Preece AW, Iwi G, Davies-Smith A, Wesnes K, et al.

Preece and his colleagues did a study that tested the effect of exposure to RF radiation at cell phone frequency on brain function. They tested two groups of 18 subjects each. The subjects wore a headset-mounted physical model of a phone, which was placed in the normal position with the antenna situated adjacent to the left side of the head. Three conditions were used - the phone was not activated; there was a 915 MHz signal like an analog signal; and there was a 915 MHz signal which simulated a digital signal.

The subjects did 15 different tests of performance. There were four different categories - accuracy on memory tests, speed on memory tests, accuracy on reaction/attention tests, and speed on reaction/attention tests. In both groups the only test affected was the choice reaction time, which involved hitting a "yes" or "no" button as quickly as possible after the corresponding word flashed on a computer screen. The analog test had a mean time of 373.4 mseconds, compared with 384.4 mseconds for digital exposure, and 388.1 mseconds for the controls. There were no significant changes in word, number or picture recall, or in spatial memory.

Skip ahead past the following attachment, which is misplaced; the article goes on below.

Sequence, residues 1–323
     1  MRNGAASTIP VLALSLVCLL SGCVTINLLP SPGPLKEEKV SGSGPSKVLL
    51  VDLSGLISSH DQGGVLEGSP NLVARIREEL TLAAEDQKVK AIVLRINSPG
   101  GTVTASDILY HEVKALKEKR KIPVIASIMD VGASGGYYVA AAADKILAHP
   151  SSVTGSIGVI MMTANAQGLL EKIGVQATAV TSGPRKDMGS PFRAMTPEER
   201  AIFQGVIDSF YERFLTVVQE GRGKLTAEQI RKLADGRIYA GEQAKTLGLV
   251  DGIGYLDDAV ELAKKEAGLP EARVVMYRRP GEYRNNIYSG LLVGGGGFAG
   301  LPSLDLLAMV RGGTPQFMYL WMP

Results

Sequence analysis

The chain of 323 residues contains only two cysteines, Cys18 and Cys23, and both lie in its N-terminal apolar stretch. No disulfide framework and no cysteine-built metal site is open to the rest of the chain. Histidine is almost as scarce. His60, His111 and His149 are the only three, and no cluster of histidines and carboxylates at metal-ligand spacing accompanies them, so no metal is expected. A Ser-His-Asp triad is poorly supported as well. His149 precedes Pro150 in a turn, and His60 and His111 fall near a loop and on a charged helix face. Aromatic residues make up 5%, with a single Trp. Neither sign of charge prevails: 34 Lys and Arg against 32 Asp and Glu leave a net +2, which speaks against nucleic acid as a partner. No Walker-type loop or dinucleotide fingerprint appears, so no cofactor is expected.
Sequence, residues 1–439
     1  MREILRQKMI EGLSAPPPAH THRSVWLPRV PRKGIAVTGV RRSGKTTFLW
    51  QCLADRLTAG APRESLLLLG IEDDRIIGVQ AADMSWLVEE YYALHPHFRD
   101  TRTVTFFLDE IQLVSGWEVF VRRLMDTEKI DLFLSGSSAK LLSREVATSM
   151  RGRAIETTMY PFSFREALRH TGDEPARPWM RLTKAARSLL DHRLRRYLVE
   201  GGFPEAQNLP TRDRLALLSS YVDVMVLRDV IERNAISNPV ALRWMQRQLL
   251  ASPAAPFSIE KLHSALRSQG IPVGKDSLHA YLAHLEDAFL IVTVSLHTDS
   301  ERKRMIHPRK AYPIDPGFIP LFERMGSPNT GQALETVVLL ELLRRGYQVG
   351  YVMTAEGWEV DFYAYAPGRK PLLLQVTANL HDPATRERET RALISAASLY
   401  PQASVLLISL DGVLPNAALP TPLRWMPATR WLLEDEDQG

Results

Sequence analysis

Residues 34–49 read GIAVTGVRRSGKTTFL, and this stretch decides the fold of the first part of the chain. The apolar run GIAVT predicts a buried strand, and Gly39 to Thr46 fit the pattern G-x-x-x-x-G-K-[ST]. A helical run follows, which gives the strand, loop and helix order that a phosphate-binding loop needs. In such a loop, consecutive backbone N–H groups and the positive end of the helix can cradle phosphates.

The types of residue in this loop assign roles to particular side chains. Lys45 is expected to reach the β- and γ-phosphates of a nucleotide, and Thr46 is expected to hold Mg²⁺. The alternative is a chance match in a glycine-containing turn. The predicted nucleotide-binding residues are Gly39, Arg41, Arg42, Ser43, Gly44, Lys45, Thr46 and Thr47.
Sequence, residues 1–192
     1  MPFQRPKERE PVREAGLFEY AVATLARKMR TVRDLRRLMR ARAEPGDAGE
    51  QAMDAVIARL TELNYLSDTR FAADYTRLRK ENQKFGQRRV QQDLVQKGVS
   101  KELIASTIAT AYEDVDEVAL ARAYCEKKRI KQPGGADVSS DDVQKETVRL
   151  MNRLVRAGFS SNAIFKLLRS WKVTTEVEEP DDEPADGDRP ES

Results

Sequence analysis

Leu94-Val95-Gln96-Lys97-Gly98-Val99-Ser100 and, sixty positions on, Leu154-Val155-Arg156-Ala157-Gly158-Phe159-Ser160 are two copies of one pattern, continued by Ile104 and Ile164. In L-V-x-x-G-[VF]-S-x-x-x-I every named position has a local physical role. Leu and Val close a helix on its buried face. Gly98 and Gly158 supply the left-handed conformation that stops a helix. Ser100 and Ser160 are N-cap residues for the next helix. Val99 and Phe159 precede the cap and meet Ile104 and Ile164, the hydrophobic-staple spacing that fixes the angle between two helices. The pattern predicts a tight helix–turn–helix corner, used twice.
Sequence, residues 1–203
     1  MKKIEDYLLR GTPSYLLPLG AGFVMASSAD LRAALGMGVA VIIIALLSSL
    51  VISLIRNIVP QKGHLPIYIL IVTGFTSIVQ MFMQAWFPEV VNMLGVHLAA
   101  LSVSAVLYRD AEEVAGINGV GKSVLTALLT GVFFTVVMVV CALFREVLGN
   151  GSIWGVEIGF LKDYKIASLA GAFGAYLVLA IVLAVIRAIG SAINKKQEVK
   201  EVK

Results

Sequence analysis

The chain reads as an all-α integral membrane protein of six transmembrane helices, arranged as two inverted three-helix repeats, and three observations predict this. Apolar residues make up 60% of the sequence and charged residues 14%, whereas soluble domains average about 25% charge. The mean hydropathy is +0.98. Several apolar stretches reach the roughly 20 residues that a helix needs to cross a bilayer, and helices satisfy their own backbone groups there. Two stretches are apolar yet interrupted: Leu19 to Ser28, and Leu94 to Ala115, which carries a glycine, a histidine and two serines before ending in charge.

The results could be due to a chance finding because of multiple testing - the more tests that are analysed, the greater the statistical probability of a spurious finding. However, the results were similar in each of the 2 groups tested, making it less likely that the findings were due to chance.

The authors suggested that the decreased reaction time might be due to an effect on the angular gyrus, which is an area of the brain lying directly beneath the antenna position. This gyrus connects the visual and speech centres. Preece speculated that the effect was due to mild localised heating, which could cause expansion of the blood vessels and improved oxygenation in the area.

The authors point out that their findings are "near, but not at, worst case conditions" - that is, the worst situation that can arise with phone use in respect of power produced.

Home             Links              Sitemap               Contact Us
© McLaughlin Centre for Population Health Risk Assessment